War of the Rebellion: Serial 115 Page 0736 PRISONERS OF WAR, ETC.

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Johnson have interested themselves in his behalf, and feeling prfectly conscious that I could not hope to add any force to the intercessions of these distingusihed gentlemen I have abstaind from obtruding myself upon your notice, but no action having been taken by you in his case I cannot help feeling assured that it results wholly from a misapprehension of his case. And as no one knows better than myself that there is not the remotest foundation for his arrest I earnestly beg now to invoke your favorable consideation of the appeal of those gentlemen for the following reason: My brother is and has alwasy been afirm, consistent, unwavering Union man. He believes that all the blessings that can attach to a nation are bound up in a fraternal union of all the States and that misfortune, suffering and weakness will follow a dissolution. Believing this he has most earnestly and (I think) ably advocated the Union on every occasion and in every manner in his power. He has never by word or deed given just cause of offense to the Government. If these things be so I will not suffer myself to doubt for an instant that you would order his unconditional release without delay if you were satisfied of them. To this end all that he asks is scrutiny. Take up his case, sir, and if any proof to the contrary can be brought against him you will at least have the satisfaction of knowing that your action in depriving a man (whose personal relations to you I know entitles him to your kind consideration, however humble he is) of his liberty you did so on substantial grounds. On the other hand if he be innocent you will admit that his fate has been a hard one. Torn from his business, the sole support of a mother now past eighty years, his papers and effects taken possession of by persons to say the least wholly indifferent to his interests (I of course allude to subordinates instrusted with the duty of arresting) and himself incarcerated nowfor three motnhs,espectfully whether this be not a hard fate, if as I said before he has given no just cause of offense. Nay more than that if his aim and desire is the same as your own?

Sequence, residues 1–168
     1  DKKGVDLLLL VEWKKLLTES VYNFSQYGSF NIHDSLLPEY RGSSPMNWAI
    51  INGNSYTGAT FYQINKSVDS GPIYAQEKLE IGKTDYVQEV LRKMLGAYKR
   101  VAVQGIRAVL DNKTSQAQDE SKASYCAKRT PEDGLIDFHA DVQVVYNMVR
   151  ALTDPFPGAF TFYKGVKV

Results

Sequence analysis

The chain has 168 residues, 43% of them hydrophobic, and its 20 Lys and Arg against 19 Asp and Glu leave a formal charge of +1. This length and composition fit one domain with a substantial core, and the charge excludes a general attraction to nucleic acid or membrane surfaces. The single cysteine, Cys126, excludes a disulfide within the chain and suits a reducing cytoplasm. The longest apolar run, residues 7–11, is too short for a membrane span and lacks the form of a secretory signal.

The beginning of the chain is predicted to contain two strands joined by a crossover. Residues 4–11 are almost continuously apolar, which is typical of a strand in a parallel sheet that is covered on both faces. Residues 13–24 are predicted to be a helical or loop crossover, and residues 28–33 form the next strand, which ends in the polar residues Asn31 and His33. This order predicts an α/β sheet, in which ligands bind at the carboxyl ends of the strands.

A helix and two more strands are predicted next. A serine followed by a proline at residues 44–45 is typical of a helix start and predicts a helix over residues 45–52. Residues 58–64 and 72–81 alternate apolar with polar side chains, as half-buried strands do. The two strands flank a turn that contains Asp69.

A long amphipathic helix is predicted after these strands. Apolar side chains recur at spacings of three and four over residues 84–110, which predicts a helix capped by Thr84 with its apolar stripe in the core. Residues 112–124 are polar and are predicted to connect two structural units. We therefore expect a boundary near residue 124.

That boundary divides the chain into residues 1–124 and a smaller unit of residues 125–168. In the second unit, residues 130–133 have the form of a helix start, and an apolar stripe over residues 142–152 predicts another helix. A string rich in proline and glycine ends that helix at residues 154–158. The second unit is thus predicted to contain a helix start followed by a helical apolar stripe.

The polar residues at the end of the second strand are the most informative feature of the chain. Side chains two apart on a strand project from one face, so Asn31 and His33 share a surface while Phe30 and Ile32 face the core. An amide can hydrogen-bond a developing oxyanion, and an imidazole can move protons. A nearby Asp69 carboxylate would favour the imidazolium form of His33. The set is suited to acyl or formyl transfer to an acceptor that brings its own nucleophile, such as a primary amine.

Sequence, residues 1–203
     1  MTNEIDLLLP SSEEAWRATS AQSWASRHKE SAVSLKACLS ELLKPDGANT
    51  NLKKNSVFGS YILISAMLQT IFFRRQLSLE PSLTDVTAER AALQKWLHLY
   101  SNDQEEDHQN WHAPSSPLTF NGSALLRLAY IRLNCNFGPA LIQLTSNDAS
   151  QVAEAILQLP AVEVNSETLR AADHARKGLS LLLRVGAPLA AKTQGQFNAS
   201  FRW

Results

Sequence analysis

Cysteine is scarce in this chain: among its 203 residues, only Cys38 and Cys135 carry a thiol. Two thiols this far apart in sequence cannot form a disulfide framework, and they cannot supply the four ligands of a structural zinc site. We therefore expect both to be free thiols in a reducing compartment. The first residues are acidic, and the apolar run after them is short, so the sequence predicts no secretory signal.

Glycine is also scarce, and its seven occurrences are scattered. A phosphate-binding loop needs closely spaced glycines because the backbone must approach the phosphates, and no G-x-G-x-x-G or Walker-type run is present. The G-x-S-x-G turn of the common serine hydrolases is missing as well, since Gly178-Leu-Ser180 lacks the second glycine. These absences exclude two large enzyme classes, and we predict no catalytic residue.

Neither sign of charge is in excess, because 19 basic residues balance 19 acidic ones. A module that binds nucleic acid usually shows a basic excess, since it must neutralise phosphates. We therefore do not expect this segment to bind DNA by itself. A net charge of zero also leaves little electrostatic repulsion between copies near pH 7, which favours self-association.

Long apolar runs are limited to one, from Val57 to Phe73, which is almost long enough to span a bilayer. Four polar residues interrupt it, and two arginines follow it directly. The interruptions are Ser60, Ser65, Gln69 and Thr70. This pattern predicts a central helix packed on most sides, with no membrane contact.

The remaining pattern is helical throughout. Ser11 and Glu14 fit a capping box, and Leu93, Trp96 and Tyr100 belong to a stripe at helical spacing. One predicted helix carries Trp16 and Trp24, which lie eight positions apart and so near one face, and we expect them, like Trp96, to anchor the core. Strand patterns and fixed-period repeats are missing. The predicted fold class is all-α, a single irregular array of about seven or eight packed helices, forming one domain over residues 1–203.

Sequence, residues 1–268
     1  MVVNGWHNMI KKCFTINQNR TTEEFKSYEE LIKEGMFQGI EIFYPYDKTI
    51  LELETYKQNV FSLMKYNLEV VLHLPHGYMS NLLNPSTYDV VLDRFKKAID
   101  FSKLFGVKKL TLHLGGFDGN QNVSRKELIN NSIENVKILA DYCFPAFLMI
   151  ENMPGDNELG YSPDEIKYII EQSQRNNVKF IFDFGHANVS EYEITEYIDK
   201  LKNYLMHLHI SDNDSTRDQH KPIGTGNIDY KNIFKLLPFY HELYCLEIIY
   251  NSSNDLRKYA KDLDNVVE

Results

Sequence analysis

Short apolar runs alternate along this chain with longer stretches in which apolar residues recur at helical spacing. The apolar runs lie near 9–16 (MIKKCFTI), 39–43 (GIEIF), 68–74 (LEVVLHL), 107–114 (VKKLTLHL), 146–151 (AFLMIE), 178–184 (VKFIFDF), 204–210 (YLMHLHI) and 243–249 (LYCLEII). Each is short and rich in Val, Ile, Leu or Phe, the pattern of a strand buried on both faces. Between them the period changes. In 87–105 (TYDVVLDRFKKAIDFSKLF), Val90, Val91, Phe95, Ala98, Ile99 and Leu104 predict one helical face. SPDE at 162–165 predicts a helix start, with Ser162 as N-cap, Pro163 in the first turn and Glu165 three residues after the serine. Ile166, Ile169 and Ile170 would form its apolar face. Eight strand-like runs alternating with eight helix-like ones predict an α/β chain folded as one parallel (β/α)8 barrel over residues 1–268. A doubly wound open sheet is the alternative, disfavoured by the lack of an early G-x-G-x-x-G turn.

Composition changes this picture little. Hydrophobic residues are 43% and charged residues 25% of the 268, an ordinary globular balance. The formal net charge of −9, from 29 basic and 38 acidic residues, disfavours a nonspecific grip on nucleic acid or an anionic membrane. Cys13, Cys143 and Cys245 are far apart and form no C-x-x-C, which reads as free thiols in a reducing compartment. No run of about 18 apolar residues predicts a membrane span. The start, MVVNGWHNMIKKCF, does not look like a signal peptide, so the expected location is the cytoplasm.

I know well, sir, that my solicitation can and perhaps ought not to have any weight with you, but I am very sure that in a case like this you will not be swayed by who says but by what is said. I again earnestly ask for the sake of justice that you will take the trouble to satisfy yourself about the case of a man whose personal feelings toward you are those of admiration and friendship and who I repeat looks to the same end with yourself. If you find upon fair investigation that you have proceeded upon good grounds it will silence us and be a consolation to you to know that you have acted justly. To this end will you allow me to suggest that your order my brother to be sent to this city on a temporary parole so that he can be at hand to explain whatever may be suceptible of explanation? I ask this in behalf of an aged mother who is now on the verge of the grave, and of my own family in the bosom of which these events have sped an arrow of unutterable affliction.

I am, sir, very respectfully, your obedient servant,

CH. H. WINDER.

DEPARTMENT OF STATE, Washington, January 10, 1862.

Colonel JUSTIN DIMICK, Fort Warren, Boston.

SIR: Let W. H. Winder, a prisoner confined in Fort Warren, be released on taking the oath of allegiance to the Government of the United States, stipulating that he will neither enter any of the States in insurrection against the authority of the United States Government